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John Gagnepain, DVM, University of Florida

Gareth J. Buckley, VetMB, MRCVS, DACVECC, DECVECC, University of Florida

Respiratory Medicine

|May 2017|Peer Reviewed

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Pneumomediastinum is the presence of free gas in the mediastinum, which is the space between the pleural cavities that contains the trachea and mainstem bronchi, esophagus, heart, vena cavae, and aorta. Other smaller structures (eg, vagus nerve, lymph nodes, vessels of the head, thoracic duct) also run through this region.

Pneumomediastinum can be secondary to defects in the oropharynx, trachea, mainstem bronchi, lungs, esophagus, cervical fascial planes, or retroperitoneum. Trauma, infection, iatrogenic injuries (eg, intubation), migrating foreign bodies, emphysema, and neoplasia can lead to pneumomediastinum.1-4 Pneumomediastinum can subsequently progress to subcutaneous emphysema due to communication of the mediastinum with cervical fascial planes via the thoracic inlet.5

Clinical Signs

Patients with pneumomediastinum are typically presented for witnessed trauma, dyspnea, or subcutaneous emphysema. Increased lung sounds may be present on thoracic auscultation, or lung sounds may be quiet if concurrent pneumothorax is present. Trauma is a common cause of pneumomediastinum; therefore, a complete physical examination should be conducted and a thorough patient history (eg, recent anesthesia, especially in cats) obtained.


A pneumomediastinum diagnosis is made via thoracic radiography (Figures 1 and 2). Air in the mediastinum outlines the cranial vena cava, dorsal and ventral tracheal walls, esophagus, and aorta. Gas may be present in the retroperitoneal space, cervical fascial planes, and subcutaneous space.2 If an obvious cause of pneumomediastinum is not apparent and the patient is stable, an oropharyngeal examination may be performed with the patient under sedation. Fluoroscopy with iodinated water-soluble contrast or endoscopy can be used to evaluate for esophageal lesions. Airway integrity may be assessed via endoscopy, although small lesions in the trachea may be missed. Advanced imaging (eg, CT) can be helpful in identifying the underlying lesion.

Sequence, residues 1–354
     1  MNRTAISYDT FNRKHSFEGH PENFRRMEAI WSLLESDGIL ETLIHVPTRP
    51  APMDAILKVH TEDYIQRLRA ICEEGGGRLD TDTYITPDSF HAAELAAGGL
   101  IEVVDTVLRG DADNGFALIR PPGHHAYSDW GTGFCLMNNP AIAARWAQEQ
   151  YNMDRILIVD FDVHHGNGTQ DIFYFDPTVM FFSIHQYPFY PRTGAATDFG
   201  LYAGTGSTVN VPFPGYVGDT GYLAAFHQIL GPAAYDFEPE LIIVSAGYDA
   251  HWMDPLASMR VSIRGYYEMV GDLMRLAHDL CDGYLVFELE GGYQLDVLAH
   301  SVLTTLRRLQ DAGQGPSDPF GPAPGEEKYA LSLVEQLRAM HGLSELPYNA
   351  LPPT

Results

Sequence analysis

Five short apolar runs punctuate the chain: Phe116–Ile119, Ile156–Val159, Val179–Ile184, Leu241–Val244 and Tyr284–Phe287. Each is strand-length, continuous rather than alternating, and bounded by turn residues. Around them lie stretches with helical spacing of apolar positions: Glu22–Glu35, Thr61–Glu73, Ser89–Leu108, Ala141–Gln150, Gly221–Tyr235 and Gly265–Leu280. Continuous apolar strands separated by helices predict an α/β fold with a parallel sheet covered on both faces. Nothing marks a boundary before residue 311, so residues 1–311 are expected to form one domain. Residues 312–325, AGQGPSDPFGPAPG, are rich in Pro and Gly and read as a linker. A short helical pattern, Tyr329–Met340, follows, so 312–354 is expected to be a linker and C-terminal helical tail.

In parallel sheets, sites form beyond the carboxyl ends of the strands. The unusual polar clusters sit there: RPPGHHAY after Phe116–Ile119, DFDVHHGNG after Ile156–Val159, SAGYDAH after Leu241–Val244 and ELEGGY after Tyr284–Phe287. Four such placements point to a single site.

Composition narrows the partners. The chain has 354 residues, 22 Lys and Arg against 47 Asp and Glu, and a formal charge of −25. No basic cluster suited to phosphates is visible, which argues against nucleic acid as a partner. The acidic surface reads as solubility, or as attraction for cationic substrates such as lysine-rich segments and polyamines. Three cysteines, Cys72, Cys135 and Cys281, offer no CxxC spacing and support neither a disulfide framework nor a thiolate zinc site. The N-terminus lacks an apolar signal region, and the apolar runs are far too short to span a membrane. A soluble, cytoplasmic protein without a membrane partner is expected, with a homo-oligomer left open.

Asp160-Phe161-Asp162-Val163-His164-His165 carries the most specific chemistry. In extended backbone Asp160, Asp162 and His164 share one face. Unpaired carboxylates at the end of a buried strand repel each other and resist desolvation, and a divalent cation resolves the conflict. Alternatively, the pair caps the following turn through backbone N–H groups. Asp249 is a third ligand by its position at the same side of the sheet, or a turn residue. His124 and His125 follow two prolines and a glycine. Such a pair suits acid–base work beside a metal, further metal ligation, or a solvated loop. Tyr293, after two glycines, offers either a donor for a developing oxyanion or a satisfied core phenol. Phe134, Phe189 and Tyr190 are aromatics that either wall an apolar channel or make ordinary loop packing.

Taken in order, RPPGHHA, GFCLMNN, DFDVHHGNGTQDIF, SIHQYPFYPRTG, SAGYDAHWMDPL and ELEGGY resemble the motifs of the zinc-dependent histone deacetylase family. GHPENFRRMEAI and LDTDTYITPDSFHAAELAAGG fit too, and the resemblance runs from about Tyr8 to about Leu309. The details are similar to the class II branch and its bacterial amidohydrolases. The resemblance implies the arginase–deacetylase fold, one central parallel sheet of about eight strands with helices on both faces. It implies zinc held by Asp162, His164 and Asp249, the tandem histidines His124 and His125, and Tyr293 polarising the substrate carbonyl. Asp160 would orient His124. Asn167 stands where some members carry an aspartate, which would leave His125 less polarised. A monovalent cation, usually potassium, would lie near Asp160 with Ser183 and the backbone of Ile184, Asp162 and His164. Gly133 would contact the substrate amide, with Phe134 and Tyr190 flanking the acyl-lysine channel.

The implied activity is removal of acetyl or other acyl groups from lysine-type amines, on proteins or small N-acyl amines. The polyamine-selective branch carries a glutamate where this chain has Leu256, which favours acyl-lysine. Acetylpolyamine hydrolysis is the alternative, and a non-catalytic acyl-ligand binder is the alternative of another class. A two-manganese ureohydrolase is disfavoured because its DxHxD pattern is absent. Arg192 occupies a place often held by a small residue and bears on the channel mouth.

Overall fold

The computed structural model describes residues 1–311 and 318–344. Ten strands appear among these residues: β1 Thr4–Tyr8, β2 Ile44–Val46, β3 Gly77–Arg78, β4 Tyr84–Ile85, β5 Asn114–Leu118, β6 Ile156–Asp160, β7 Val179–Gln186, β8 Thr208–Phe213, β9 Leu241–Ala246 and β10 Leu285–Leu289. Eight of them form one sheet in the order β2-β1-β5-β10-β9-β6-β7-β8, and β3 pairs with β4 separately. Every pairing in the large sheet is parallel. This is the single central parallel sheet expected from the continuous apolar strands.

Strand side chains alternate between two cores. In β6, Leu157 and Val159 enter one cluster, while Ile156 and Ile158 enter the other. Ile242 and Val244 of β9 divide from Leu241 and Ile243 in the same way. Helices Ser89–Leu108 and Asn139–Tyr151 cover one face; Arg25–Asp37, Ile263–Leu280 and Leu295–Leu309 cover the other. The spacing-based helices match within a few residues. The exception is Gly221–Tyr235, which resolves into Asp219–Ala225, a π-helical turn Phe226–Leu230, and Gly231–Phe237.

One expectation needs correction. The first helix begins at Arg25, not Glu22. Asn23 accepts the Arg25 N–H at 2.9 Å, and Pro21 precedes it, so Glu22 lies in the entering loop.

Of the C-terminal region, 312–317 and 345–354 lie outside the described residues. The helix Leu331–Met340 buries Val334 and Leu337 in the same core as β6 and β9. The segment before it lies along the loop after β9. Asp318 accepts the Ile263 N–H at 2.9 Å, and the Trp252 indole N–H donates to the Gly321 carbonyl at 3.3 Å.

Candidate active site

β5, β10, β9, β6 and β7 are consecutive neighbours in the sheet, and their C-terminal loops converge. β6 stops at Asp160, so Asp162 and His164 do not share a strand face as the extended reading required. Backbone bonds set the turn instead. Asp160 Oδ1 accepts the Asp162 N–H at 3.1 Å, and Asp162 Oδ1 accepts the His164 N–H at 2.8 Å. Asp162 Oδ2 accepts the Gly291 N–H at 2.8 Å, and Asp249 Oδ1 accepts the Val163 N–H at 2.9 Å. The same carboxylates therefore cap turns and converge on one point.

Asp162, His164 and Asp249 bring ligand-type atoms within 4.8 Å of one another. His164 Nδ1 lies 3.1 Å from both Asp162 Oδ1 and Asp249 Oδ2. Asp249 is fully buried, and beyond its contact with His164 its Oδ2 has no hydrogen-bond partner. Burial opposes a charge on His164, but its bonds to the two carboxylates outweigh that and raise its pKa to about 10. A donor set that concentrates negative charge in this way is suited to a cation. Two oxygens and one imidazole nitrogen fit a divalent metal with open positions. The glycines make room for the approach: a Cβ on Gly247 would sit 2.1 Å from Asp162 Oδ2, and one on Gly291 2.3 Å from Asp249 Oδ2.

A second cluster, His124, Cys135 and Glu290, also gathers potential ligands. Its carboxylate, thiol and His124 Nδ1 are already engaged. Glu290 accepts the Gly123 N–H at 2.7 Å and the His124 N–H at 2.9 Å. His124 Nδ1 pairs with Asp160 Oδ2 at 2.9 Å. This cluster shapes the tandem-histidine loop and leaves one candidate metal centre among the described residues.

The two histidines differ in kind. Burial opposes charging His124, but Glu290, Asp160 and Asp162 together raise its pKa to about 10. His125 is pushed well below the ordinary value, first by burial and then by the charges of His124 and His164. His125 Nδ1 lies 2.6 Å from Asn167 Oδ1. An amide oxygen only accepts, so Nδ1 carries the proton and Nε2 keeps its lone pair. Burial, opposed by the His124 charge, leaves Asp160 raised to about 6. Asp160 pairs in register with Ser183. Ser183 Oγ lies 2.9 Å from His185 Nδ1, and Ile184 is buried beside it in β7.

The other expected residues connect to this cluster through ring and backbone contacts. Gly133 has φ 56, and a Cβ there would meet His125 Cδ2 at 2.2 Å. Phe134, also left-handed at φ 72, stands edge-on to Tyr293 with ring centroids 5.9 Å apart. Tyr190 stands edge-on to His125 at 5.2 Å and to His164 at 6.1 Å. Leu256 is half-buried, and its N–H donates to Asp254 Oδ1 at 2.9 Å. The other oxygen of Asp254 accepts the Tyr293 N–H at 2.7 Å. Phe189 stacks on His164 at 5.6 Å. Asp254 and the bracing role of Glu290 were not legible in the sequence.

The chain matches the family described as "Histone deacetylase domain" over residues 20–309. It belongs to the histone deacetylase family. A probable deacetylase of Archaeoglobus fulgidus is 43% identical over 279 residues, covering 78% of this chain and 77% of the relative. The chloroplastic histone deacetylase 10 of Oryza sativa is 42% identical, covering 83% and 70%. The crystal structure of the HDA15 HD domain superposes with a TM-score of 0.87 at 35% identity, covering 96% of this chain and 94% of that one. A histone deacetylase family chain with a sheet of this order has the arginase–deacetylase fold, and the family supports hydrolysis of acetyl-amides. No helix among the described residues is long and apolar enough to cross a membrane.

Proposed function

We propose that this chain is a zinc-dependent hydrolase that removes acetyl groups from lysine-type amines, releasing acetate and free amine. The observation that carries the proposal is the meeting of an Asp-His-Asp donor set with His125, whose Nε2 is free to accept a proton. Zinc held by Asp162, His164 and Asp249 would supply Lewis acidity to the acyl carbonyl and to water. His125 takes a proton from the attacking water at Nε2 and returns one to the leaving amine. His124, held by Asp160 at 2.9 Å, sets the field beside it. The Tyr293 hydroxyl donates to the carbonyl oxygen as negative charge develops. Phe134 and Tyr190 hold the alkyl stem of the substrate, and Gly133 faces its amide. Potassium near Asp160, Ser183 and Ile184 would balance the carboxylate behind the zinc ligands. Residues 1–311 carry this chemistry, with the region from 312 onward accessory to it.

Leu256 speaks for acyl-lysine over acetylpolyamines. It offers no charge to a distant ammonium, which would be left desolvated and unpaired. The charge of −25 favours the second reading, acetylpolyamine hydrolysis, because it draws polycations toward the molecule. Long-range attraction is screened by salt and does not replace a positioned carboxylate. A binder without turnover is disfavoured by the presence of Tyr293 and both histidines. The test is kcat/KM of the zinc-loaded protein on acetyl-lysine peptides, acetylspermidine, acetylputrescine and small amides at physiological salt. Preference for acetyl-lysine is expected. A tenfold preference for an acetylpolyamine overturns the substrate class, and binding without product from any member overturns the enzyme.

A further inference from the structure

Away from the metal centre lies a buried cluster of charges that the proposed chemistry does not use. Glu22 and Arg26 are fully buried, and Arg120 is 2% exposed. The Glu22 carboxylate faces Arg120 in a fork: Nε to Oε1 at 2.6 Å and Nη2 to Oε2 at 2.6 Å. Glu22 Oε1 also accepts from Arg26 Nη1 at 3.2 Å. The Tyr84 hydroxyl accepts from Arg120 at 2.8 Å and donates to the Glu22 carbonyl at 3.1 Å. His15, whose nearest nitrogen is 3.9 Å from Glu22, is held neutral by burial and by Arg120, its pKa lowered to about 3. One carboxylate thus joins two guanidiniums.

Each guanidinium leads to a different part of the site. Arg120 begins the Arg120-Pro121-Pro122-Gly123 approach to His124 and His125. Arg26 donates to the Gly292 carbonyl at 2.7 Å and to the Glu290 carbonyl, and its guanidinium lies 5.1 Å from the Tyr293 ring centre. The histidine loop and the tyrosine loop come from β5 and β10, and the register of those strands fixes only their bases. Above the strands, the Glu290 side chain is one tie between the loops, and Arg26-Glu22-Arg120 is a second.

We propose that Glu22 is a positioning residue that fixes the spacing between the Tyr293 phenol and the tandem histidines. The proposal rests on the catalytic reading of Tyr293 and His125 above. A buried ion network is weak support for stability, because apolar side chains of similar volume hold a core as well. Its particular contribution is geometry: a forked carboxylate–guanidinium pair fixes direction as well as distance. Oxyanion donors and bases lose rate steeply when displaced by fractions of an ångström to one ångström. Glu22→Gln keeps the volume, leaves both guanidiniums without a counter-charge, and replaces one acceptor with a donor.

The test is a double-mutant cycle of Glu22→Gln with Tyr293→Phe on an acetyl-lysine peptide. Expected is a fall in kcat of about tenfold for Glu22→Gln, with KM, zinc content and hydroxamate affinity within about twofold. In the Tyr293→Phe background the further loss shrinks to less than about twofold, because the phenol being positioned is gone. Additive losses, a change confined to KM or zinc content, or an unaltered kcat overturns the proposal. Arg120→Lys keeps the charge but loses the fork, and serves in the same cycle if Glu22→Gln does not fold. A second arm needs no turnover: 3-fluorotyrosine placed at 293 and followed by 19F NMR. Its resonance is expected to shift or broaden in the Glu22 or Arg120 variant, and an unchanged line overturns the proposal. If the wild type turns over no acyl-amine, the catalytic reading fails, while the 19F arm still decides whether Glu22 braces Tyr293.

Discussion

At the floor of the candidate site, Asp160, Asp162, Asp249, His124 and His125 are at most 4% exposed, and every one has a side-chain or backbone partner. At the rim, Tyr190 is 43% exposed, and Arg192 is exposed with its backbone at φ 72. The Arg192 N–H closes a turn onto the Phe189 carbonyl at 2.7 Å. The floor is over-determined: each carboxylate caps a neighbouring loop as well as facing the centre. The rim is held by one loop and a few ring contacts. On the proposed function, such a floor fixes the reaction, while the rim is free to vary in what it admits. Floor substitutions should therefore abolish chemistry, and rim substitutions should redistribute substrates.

Strict cage rest and hospitalization to monitor for respiratory distress are recommended. Pneumomediastinum may progress to pneumothorax; in such cases, relieving pneumothorax via thoracocentesis is a priority.4 Thoracostomy tubes may be required in cases with significant recurrent pneumothorax. Subcutaneous emphysema should be aspirated only if it is causing discomfort. Analgesia should be provided for patients with trauma or other sources of pain. Oxygen therapy can speed up resolution of pneumomediastinum and subcutaneous emphysema by displacing nitrogen.


Many patients with pneumomediastinum recover over several (≤10-14) days as the defect heals and the air is resorbed. Exploratory surgery to repair tears is likely indicated in cases that progress despite conservative management, in which very large tears that are unlikely to heal on their own are identified, or in which obvious mediastinitis is present. In these patients, the prognosis is more guarded.5


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